The third accommodation center can be characterized as an outlier to the other centers. It occupies industrial premises, similarly to the first accommodation center. However, it is located much closer to a residential area than the former office building and it is surrounded by an excellent commercial infrastructure. The city reconstructed this old factory site, at great financial cost, and the new center was inaugurated in 2016. Of the three centers in Rödelheim, it is the one with the lowest living standard. It includes accommodation units in a hallway with only curtains separating the individual living spaces, aside from a women’s house with fully-equipped shared apartments and barracks with crowded rooms. In sharp contrast to the most basic living conditions, the center has well-outfitted common rooms and space for volunteering activities. There are two well-equipped classrooms, a women’s room, and the so-called “neighborhood café”. The volunteers are free to offer enrichment activities in all of these rooms. In fact, by now, a considerable part of the activities conducted by the neighborhood-based volunteering network takes place on the premises. However, access to this accommodation center is restricted, as in the case of the two other centers. The compound is fenced off and an invitation and identity card are required to enter the premises.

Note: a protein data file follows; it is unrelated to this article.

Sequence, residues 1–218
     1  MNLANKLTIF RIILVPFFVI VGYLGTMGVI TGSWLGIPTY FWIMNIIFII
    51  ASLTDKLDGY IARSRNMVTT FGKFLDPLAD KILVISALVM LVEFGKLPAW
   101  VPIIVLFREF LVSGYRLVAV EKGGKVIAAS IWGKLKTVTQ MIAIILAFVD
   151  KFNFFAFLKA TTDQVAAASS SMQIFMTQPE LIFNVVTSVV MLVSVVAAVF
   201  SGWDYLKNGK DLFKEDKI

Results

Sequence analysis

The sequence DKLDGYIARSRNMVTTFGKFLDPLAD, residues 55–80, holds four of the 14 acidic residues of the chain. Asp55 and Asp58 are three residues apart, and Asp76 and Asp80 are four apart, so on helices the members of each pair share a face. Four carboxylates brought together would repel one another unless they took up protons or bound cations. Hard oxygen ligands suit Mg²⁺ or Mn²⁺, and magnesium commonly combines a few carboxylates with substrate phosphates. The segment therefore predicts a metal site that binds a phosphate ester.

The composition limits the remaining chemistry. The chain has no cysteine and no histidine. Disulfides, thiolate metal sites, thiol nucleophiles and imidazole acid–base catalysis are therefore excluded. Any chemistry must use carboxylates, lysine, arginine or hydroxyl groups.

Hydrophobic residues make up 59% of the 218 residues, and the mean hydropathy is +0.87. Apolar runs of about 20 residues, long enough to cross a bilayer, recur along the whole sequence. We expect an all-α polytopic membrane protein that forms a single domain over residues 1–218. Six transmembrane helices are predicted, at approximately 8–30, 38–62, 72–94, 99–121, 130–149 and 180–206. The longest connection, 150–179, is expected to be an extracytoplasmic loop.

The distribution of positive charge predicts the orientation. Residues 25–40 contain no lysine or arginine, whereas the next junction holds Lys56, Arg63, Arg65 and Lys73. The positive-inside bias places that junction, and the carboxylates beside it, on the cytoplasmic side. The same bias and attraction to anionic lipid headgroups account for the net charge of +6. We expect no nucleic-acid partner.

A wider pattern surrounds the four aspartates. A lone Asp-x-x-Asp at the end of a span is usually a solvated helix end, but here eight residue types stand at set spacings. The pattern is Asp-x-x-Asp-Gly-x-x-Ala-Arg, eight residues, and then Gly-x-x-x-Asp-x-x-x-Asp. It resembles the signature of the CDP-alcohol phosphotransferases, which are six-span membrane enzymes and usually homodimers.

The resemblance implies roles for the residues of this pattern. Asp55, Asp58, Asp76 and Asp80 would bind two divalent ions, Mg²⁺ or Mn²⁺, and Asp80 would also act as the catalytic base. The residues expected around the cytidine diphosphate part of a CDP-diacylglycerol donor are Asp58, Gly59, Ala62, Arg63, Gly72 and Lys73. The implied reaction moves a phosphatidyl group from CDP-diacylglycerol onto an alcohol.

Nevertheless, in comparison to the other two centers, there are far more points of contact between refugees and the neighbors. First of all, there are abundant regular volunteering activities where neighborhood-based volunteers and refugees meet, for example, through homework tutoring, literacy courses, a sewing get-together, a bicycle repair shop, and more. Additionally, there are occasional cultural activities open to the neighborhood, though usually these activities do not draw in outside residents. The bicycle repair shop stands out from the volunteering activities, as it is located at the border of the premises and open to the street. In this way, it is an interface between refugees and other neighborhood residents. Not only do volunteers and refugees meet here, but other neighbors also use this shop if they need help with their bicycles. During my field research there was a period when the bicycle repair shop developed into some kind of informal passage into the accommodation center, because, for a short time during the summer, the fence separating the shop from the premises was open when the shop was open. The center’s residents drew on it as alternative entrance and children used it in order to play inside and outside the premises. Nevertheless, after a short period, the operators closed this passage in accordance with the city’s rules for security.